Lessons for Employers. This decision confirms that the Fair Work Ombudsman remains active in pursuing employers who fail to pay their employees correctly. Directors and other executive staff should also be on notice that the Fair Work Ombudsman will also seek to impose penalties onto individuals where the individual has contributed to the contravention.

Growing Movement to Criminalise Underpayment

We have recently seen a number of high-profile cases brought in relation to underpayment of wages, including the case discussed above. In 2017, this resulted in the passing of the Fair Work Amendment (Protecting Vulnerable Workers) Bill 2017, which increases penalties for employers that underpay employees and imposes liability onto franchisors and lead companies whose franchisees and subsidiaries have contravened the FW Act. Since July 2017, there has been a further push by unions for underpayment of wages to be criminalised, with advocates for the change arguing that the current system does not provide enough incentive for employers to comply with the law.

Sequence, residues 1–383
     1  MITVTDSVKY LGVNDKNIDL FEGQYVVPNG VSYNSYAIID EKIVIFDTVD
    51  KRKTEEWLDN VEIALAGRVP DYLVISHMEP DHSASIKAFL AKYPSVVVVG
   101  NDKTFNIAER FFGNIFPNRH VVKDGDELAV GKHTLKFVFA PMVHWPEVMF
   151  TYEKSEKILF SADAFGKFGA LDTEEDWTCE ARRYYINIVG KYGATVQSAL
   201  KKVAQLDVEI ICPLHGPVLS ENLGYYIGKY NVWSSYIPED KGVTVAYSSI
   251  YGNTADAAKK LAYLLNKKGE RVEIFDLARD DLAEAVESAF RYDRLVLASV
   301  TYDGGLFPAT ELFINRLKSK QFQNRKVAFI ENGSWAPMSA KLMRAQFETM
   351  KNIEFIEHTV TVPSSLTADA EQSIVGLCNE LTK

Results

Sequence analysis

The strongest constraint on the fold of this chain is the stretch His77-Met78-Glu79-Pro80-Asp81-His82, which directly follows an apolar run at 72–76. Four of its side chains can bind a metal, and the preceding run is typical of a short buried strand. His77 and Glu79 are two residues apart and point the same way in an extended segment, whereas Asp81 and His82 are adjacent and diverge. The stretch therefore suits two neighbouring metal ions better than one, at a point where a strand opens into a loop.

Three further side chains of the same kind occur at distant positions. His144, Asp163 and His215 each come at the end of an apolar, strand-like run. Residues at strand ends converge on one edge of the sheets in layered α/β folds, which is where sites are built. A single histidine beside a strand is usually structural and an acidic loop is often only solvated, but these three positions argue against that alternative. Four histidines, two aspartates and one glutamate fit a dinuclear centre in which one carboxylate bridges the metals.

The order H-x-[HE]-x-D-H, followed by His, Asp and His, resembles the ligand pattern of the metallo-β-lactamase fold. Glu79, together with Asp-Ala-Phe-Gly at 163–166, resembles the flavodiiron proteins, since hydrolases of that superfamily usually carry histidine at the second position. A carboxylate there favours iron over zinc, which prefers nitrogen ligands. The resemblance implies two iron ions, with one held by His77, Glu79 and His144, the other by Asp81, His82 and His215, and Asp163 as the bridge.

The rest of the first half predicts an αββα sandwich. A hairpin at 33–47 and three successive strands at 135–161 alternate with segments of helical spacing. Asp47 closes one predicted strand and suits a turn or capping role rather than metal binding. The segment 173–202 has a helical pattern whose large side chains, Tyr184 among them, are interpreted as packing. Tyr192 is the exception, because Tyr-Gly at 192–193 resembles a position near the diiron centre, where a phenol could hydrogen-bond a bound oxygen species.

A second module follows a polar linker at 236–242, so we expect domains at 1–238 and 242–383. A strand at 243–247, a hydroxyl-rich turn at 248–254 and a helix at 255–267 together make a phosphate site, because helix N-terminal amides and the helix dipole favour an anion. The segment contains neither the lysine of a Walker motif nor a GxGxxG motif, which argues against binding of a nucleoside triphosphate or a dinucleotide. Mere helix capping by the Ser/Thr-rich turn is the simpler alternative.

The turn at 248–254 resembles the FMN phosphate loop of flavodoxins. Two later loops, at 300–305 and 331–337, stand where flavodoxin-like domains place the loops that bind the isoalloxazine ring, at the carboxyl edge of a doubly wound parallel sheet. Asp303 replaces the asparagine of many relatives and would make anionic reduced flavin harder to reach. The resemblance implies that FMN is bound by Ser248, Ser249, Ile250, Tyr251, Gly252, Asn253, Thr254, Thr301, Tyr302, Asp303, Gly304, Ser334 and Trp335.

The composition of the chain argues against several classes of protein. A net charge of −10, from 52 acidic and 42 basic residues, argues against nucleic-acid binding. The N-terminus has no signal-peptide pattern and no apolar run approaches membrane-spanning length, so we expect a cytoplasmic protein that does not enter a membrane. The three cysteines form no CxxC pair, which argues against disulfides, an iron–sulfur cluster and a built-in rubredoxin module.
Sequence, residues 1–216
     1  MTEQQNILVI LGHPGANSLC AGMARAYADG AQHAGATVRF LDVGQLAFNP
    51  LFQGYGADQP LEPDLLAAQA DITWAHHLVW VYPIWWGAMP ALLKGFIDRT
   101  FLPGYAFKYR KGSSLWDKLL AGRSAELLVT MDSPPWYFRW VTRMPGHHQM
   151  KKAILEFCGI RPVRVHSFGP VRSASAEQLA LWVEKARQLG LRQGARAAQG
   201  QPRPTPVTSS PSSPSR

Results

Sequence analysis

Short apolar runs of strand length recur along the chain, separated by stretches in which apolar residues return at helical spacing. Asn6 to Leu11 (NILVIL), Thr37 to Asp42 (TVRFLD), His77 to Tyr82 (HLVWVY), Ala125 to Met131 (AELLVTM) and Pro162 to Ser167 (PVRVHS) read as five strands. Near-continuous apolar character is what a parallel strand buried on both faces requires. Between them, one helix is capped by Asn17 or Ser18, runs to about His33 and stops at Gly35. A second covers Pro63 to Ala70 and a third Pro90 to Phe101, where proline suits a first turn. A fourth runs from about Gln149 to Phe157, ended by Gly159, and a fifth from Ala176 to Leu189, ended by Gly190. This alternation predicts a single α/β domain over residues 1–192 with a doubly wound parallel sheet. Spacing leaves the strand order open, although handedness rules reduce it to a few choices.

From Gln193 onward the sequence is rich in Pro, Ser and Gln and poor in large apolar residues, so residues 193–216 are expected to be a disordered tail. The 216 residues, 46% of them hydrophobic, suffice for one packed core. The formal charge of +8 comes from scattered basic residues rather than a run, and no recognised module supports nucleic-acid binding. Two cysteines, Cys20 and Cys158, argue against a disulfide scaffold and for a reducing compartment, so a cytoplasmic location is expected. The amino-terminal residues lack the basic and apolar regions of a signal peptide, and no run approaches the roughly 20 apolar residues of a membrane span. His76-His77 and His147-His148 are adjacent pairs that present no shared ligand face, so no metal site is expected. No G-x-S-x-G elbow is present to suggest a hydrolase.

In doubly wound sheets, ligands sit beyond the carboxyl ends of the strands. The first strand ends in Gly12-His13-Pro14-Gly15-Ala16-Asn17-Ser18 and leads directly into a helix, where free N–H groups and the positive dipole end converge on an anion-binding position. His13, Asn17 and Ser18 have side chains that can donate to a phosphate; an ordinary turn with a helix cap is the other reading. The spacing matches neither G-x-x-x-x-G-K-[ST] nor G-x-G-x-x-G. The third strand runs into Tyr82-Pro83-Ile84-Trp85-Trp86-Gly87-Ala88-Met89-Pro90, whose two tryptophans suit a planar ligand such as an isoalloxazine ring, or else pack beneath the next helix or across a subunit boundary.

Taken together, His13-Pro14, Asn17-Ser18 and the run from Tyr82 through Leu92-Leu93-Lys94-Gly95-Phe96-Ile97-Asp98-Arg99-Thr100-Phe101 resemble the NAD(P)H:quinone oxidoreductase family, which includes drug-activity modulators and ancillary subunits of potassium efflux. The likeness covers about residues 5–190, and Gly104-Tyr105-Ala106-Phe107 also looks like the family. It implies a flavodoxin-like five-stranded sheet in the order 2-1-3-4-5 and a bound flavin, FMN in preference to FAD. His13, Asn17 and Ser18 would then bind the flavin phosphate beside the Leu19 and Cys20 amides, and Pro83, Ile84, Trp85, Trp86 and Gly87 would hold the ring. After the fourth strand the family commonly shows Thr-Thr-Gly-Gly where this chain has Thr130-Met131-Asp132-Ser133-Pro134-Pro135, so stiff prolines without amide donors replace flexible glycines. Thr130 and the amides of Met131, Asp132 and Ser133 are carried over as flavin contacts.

In July 2017, Unions NSW sought support from the NSW Labor Party to criminalise deliberate and systematic wage fraud by employers. The Transport Workers' Union national secretary also sought a motion to criminalise such behaviour in Victoria.

The NSW Labor leader, Luke Foley, announced his party's new five-point plan to combat wage underpayment in July 2017. The first of his five points involves a new law which criminalises the deliberate failure to pay wages and other entitlements. In February 2018, the South Australian Labor Party announced that it would also support the creation of a new offence of wage theft through changes to the Criminal Law Consolidation Act. More recently, the Victorian Trades Hall Council and its Young Workers Centre have continued discussions with the Victorian Labor Party in an attempt to obtain an election commitment by the party in relation to the issue.

Although no changes have been passed as yet, employers should be aware that criminal consequences, including jail sentences for unscrupulous employers, may be the Federal Government's next move in attempting to stamp out wage underpayment across all industries.


Update on Domestic Violence Leave in Australia

Four-Yearly Review of Modern Awards—Family and Domestic Violence [2018] FWCFB 1691

Factual Background. In September 2014, the Australian Council of Trade Unions ("ACTU") sought to include a domestic violence clause in all modern awards.